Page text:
• Two decision rules:
• Net Present Value (NPV) = net discounted benefits minus
net discounted costs; then the project is economically
profitable
• Benefit-Cost Ratio = NPV/costs; select the project with the
highest ratio
3. Valuing benefits and cost in monetary terms
• Traditionally, there is a consensus about valuing impacts of
transportation undertakings both in the road and the public
transportation sector
• Impacts of Universal Design are in many cases similar to
those of traditional investments in transportation e.g., time
savings. Some values of UD impacts can therefore be
derived from existing handbooks
• An initial way of deriving values is through literature survey
• NPRA has derived values by combining literature survey and
existing values.
14
Recommended NPRA values for UD projects
Measure
Bicycle parking at bus stop **
Nominal value Valuation in Source
per trip
Eurocents*
NOK 4
54
Vibe et al 2004
Bus shelter
NOK 0.60
13.1
Norheim 1996
Maintenance and cleaning of bus stop
11.8 pence
32
Steer Davies Gleave 1996
Timetable at bus stop
SEK 2.00
42
Blomquist og Jansson 1994
Route map at bus stop
NOK 0.40
8.8
Norheim 1996
Sign on board in bus indicating next stop
SEK 2
30.4
Persson 2000
Sign on bus indicating final destination
SEK 0.12-0.32
6.3
Widlert m fl 1989
Real time information at bus stop
NOK 1.15
26.3
Hammer og Norheim 1993
Next stop information announced by driver NOK 1
15.3
Persson 2000
Cleanliness on board
11 pence
25.5
Accent Marketing and Research 2002
Lights at bus stop
3,1 pence
8.4
Steer Davies Gleave (1996)
Guards at bus stop
NOK 1.50
32.9
Norheim 1996
Emergency telephone at bus stop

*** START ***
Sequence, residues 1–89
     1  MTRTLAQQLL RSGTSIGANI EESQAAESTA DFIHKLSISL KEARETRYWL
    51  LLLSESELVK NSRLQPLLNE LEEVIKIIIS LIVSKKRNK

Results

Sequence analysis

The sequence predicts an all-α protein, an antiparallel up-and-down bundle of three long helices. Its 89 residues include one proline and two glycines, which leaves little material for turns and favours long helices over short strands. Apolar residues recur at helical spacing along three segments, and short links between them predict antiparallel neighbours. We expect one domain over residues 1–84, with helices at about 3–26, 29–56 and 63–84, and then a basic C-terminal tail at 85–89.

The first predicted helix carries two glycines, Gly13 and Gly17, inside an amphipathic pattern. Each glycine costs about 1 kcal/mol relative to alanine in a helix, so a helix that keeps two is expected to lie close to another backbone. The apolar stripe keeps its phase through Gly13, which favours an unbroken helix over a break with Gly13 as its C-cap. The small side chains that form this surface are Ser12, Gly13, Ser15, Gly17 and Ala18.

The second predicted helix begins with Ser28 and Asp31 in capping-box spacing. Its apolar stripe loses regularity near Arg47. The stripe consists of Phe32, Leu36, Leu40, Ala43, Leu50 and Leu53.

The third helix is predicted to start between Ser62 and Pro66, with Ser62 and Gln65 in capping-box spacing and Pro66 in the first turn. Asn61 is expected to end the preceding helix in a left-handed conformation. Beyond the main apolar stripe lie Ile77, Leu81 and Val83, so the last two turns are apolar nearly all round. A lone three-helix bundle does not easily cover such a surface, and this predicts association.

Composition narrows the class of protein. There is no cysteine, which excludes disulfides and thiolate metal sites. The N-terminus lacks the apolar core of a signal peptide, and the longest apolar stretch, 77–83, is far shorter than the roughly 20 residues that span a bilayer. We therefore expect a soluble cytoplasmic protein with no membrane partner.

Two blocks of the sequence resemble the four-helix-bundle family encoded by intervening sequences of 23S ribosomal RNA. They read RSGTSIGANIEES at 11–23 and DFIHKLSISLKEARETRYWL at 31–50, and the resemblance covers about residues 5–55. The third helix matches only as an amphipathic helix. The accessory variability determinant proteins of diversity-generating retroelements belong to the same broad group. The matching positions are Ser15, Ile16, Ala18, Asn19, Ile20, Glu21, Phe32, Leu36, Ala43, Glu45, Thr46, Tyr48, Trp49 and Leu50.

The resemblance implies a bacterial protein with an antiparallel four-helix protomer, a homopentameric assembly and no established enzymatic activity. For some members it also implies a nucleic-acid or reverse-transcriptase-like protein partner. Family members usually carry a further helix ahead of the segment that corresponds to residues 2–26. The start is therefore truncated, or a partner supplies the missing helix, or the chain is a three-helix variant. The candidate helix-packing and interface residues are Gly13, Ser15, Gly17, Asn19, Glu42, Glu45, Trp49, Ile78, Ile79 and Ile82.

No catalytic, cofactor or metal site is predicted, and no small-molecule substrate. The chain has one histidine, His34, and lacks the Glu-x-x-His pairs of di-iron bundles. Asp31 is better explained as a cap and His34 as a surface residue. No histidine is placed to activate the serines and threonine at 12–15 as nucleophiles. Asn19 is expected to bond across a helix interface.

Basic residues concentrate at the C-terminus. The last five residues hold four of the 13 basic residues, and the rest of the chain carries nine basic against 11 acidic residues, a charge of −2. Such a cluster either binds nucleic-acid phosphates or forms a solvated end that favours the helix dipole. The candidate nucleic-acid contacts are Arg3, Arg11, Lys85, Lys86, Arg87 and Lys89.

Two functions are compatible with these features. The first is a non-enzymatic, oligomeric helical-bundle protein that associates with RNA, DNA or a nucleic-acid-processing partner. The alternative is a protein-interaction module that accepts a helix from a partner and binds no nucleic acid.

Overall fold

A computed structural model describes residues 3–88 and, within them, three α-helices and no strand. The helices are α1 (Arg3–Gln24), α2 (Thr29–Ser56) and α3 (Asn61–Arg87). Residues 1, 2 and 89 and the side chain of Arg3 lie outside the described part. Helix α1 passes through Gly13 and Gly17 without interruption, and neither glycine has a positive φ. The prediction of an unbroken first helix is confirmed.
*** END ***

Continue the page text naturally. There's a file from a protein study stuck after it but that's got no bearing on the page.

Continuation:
NOK 0.80
17.5
Norheim 1996
Lowfloor bus
2.8 pence
7.6
Steer Davies Gleave (1996)
* Year 2005 prices, using 2005 exchange rate NOK8 = €1. *** Bicyclists only
3. BCA of three illustrative projects
Low-floor bus Implementation Enhanced
of high curbstone lighting at bus
at a bus stop
stops
Initial data and assumptions:
Investment cost of installation
Annual operational and maintenance costs
Projects life time
Number of passengers using the low-floor bus per year
Average load factor
Number of passengers per year at bus stop
Time savings per passenger due to innstallation(in minutes)
65 000
0
18
15 000
28
0.3
155 000
7 500
25
12
71 200
0.3
16 000
1 000
15
100 000
-
Benefit-cost analysis
Annual benefits for users
Annual benefits for non-users
Annual benefits for operators
Sum annual benefits
Present value of benefits(discounted over 25 years)
Present value of costs (investment,operational and maint.)
12 300
0
795
13 095
194 175
-81 215
24 920
0
1887
26 807
397 497
-271 216
67 000
0
0
67 000
993 489
-37 988
96 717
1.2
72 037
0.3
947 903
25
Socioeconomic profitability
Net present value(NPV)
Benefit-cost ratio
Low-floor bus
High curbstone at a bus stop
Enhanced lighting at bus stop
Benefit-cost ratio(dicsounted over 25 years)
60
50
40
30
20
10
0
0
20000
40000
60000
80000
100000 120000 140000 160000 180000 200000
-10
No. of passengers per year
Conclusion and policy implications
•
Universal Design should be considered seriously by governments
as they benefit all users and are necessary for a group of users
e.g., the impaired and the burdened.
•
The benefits and cost of Universal Design projects are possible to
measure in monetary terms such that a benefit-cost analysis can
be conducted.
•
The benefit-cost analysis of Universal Design shows that they
general are a profitable form investments characterized by high
benefits and low investment costs.
•
Finally, benefit-cost analysis of Universal Design projects are
quite possible even though it is not possible to account for all
factors which if accounted for will reveal even more of their
benefits e.g., the patronage factor.
Lessons for economic assessment of eAccessibility
1. Take the view that eAcessibility is for all and not only for those
with special needs.
2. We need to make people understand (1) by showing examples
3. A starting point is the identification of the “project” i.e. is it “a
web accessibility all”, “Design for all”
4. The second step is the identification of benefits followed by
quantification in monetary terms – all these are possible
5. ”Study on Economic Assessment for Improving e-Accessibility
Services and Products” under SMART 2009 seems to take these
into account.